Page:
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  • Aragorn - step by step.


    There are so many ways to go about painting a miniature. Depending on the quality you want and how much time you're willing to put into each miniature, it can be a widely different experience from miniature to miniature. I'm going to do my best to describe the techniques that I use when I want to create when I have "unlimited" time and I want to do a miniature to the very top of my skills. My skills are of course limited, as everybody else's I have been painting for a year now, and this is what I have learnt! Our little guinea pig for today is Aragorn from Games Workshop's box of "the fellowship" from Lord of the rings.

    Note: I'm going to use large pictures like this one in this guide, because I believe that watching other peoples' work is a very good way to learn. It's useless to watch tiny images with no details, so my images are enormous like this one, to let you study the details

    I'm going to skip the first few, basic steps. These steps include:

    Get your miniature out of it's package!
    Clean your miniature from flash and other flaws.
    Prime it WHITE! Yes, white - the colour in which all miniatures should be primed
    Put it on it's base and put sand (or flock or whatever else you fancy) on the base, using PVA glue.

    Now you'll have a clean miniature, primed white, standing on white sand. Not very appealing to the eyes, is it? But appealing to your creative side, hopefully, yes? Seeing cleaned and primed miniatures makes my brush-fingers twitch with excitement, I can't wait to get started, so on we go to the first actual step in this painting guide.

    Step #1 - no fancy stuff here. Just put on all the primary colours like this. Any colours you like is fine, but the more thought you put behind the choice of colours, the better it will of course look in the end. I've chosen browns, greens and reds here, because this is after all Aragorn - the ranger. He's used to running around in the forest and hunting and hiding (or whatever Aragorn likes to do in his spare time). I think it's generally a good idea to keep the colours together somehow. I don't like to use 10 different colours in the same model. Using different shades of brown and green works well for this kind of model.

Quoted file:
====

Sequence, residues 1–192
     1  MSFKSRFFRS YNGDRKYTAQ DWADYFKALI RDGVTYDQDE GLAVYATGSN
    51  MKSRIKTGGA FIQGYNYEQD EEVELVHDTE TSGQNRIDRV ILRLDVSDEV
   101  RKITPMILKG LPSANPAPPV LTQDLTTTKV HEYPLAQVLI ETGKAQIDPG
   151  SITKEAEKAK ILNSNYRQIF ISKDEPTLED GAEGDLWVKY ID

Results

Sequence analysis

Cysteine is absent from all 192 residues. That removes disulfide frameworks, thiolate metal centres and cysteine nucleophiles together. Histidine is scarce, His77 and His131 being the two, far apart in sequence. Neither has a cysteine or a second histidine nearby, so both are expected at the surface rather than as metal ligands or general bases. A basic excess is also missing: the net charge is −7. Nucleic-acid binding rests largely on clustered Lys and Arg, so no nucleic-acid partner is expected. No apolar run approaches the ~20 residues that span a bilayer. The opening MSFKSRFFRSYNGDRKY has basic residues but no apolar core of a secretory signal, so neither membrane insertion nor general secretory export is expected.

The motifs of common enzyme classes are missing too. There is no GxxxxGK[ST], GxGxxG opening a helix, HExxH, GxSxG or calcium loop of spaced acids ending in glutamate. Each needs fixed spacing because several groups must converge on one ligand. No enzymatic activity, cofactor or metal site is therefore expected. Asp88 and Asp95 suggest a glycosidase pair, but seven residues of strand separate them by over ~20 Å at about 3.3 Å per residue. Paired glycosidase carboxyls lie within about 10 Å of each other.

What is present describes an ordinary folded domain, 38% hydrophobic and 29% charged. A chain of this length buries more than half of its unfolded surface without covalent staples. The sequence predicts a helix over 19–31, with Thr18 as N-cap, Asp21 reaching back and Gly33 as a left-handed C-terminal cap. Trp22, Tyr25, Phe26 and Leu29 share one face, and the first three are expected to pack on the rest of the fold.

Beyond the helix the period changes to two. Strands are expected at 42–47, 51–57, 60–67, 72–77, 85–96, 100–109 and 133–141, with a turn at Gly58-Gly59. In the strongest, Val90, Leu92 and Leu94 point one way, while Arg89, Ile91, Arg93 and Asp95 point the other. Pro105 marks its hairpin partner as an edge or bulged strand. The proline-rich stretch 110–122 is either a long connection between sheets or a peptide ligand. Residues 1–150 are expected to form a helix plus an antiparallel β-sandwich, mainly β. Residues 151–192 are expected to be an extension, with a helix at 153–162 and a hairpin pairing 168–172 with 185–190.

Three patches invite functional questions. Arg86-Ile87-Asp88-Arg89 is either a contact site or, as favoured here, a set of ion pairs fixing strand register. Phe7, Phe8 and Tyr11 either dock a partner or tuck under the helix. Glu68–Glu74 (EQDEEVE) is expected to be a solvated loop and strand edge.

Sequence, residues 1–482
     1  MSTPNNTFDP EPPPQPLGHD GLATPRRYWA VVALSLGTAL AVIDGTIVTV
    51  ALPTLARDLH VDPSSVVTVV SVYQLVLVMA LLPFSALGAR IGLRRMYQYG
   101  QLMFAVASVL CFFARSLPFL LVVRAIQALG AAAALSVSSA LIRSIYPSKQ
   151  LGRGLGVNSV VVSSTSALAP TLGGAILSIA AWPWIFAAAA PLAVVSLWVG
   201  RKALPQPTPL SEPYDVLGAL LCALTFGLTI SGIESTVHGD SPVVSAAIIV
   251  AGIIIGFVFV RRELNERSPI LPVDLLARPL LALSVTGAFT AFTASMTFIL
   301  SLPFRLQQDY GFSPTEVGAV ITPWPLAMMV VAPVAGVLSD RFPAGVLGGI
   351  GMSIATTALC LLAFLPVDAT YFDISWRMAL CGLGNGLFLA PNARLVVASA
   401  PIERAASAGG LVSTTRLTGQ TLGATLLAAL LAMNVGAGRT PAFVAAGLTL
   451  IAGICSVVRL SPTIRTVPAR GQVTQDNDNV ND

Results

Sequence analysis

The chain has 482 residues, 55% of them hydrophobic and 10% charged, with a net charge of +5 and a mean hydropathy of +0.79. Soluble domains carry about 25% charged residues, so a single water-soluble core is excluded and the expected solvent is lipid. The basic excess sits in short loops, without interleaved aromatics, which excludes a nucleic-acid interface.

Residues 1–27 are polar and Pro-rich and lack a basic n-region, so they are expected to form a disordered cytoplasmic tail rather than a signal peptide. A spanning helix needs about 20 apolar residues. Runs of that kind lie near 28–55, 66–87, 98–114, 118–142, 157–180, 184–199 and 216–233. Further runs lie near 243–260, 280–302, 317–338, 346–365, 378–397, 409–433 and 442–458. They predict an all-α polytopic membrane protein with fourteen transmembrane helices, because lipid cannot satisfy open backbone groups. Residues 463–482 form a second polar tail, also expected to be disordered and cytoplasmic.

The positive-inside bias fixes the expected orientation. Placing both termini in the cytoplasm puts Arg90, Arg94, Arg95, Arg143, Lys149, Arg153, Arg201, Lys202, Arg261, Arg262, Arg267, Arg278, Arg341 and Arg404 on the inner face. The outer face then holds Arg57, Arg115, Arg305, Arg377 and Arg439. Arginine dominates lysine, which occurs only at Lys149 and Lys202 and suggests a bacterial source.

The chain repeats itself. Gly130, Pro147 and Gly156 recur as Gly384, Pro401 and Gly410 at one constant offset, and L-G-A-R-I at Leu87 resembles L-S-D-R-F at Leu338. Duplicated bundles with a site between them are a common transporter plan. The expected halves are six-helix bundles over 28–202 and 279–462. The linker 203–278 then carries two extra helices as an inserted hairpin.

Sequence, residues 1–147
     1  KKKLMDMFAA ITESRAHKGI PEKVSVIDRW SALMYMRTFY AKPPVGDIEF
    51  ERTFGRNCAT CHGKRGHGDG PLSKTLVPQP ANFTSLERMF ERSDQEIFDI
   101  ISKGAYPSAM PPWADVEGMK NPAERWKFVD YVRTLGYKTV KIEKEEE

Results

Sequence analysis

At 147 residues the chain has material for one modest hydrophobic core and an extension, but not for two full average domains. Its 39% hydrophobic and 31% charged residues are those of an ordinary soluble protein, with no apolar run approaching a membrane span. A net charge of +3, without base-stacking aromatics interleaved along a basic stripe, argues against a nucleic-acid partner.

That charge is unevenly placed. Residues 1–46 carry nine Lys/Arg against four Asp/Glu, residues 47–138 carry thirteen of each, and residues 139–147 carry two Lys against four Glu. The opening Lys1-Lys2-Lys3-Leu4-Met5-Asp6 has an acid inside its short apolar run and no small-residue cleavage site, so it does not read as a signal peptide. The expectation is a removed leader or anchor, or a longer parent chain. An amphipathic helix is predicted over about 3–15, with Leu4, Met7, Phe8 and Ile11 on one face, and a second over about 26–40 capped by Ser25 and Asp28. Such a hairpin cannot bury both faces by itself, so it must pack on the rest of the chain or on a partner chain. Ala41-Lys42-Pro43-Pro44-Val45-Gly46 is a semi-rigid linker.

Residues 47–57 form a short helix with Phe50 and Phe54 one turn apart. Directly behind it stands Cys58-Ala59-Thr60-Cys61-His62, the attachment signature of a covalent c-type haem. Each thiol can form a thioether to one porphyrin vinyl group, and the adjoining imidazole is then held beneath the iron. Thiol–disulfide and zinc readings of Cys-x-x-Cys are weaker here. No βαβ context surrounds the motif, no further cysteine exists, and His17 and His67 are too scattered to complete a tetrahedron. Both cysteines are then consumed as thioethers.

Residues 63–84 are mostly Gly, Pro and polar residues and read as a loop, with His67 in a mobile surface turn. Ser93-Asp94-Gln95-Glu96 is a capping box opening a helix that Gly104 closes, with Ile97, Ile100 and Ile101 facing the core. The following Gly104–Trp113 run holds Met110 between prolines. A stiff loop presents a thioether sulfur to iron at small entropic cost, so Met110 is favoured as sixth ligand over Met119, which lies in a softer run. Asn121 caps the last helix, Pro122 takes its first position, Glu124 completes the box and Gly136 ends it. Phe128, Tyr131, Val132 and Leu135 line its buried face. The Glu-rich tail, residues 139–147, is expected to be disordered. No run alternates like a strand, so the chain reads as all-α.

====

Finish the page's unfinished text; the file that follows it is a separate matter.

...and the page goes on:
Step #2 - I have used three colours of washes here; dark brown, dark green and black. I have applied these washes all over the model. Dark green for the cloak and green bits, black for the brown areas and brown wash for the skin and on the red-brown. I have not used any inks for these washes. I've just used normal colours, thinned with water and acrylics flow improver. The amount of water and flow improver you want to add, varies depending on how deep you want the shadows to be. I have used very thin washes in several layers, rather than one less thin wash.

    Step #3 - this is the second phase of shading. I've let the first layer of washes dry and then applied further washes. I then let those layers dry also, and used the black wash over the cloak as well as on the skin, to really get deep shades all over the model. The black wash is more thinned than the green and brown washes, to let the black shades sink further into all recesses.

    Step #4 - shading is finished now, so I go on to highlighting. I think it's always a good idea to add some drying retarder to your paint when you're doing highlights, because it makes blending MUCH easier! The drying retarder makes the colour more transparent and the highlights will become less harsh. I start by highlighting the face, with the original skin tone that I used for the base layer. I then highlight another 2 layers, with a few drops of skull white added to the mix.